Friday, April 4, 2008

Charles Manson Knows His Copyright


Creative Commons is a special license that allows anyone to download, share and mix other people's music as long as they give proper credit. Recently, Nine Inch Nails released their album under a Creative Commons license.

All these efforts, and more, are done to counter the effects of what Creative Commons considers to be a dominant and increasingly restrictive permission culture. In the words of Lawrence Lessig, founder of Creative Commons and former Chairman of the Board, it is "a culture in which creators get to create only with the permission of the powerful, or of creators from the past." Lessig maintains that modern culture is dominated by traditional content distributors in order to maintain and strengthen their monopolies on cultural products such as popular music and popular cinema, and that Creative Commons can provide alternatives to these restrictions.

Oddly enough, Charles Manson is up on his copyright. His recent album, "One Mind," is licensed in a way that allows anyone to share it with others, remix it and use it for non-commercial uses. The exact legal details are here.

3 comments:

aev said...

does creative commons apply to using such lyrics and titles in works of literature, as well? i've been looking into this lately and haven't found any definitive answers. however, it seems that song titles might be able to be used without paying copyright fees, but lyrics are a no-go without astronomical cost.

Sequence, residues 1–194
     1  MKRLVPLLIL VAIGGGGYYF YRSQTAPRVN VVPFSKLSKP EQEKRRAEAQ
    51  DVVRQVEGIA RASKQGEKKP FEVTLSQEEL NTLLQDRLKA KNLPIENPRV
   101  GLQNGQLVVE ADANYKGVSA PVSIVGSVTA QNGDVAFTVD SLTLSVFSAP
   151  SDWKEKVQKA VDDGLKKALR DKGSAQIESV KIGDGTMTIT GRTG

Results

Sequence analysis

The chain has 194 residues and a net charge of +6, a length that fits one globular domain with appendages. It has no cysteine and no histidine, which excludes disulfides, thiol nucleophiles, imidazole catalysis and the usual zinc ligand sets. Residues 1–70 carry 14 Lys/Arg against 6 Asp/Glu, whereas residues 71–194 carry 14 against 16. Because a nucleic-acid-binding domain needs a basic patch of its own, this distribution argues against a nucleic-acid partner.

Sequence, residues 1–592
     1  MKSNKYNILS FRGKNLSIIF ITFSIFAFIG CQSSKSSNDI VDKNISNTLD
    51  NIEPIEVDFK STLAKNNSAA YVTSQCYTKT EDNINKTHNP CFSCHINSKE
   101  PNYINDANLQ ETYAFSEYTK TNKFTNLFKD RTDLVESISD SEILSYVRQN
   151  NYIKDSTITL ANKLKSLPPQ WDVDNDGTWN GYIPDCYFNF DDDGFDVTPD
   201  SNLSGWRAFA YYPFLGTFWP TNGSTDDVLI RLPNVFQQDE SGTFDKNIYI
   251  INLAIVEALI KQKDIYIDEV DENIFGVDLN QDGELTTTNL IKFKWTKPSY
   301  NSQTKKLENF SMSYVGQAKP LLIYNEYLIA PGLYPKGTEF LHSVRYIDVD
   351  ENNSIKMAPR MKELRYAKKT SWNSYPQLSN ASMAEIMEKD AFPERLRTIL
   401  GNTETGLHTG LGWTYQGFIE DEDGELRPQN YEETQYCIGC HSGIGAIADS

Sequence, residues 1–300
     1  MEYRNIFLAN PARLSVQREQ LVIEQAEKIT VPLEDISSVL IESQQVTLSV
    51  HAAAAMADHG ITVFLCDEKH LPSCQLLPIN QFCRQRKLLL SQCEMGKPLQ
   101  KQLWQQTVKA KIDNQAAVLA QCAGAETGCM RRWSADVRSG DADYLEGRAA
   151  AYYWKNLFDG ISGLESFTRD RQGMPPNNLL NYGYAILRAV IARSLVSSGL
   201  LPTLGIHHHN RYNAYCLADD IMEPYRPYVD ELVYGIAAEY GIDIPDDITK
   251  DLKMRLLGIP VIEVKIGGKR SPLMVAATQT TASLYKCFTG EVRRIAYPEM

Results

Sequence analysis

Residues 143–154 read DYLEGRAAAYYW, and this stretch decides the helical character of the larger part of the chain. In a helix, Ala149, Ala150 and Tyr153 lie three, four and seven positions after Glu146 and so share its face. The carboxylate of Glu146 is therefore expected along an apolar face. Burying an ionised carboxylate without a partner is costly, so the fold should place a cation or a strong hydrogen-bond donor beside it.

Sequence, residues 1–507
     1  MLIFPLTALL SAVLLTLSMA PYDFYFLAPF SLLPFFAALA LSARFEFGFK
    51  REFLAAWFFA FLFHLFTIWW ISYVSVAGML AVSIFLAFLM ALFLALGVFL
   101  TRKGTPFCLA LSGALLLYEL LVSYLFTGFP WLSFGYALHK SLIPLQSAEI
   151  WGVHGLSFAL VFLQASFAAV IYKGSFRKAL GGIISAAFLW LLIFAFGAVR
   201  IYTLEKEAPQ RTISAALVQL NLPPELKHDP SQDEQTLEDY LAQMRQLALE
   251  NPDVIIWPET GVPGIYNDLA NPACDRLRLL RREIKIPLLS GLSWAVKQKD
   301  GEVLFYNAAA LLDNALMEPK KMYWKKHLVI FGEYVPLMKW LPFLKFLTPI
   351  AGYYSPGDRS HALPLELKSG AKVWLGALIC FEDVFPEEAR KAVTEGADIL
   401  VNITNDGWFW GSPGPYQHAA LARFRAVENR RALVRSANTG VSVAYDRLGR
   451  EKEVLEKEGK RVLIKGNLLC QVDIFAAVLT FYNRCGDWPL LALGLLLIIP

jfinnell said...

Creative Commons (cc) is a type of license the creator can apply to his/her work. If the artist put a cc tag on his/her work, then you would be able to use it within the parameters that the creator set.

You can use a song title without without having to pay the artist.

As for the lyrics...it's complicated. When in doubt (and assuming the music is American), you can contact American Society of Composers, Authors, and Publishers (ASCAP) to find out how to secure the rights to print the lyrics. ASCAP is who you will pay the fee to in order to properly print the lyrics in your book with integrity.

jfinnell said...

Here is a great site, created by the folks at UNC, to look at for a general overview of when a work passes into the public domain.

http://www.unc.edu/~unclng/public-d.htm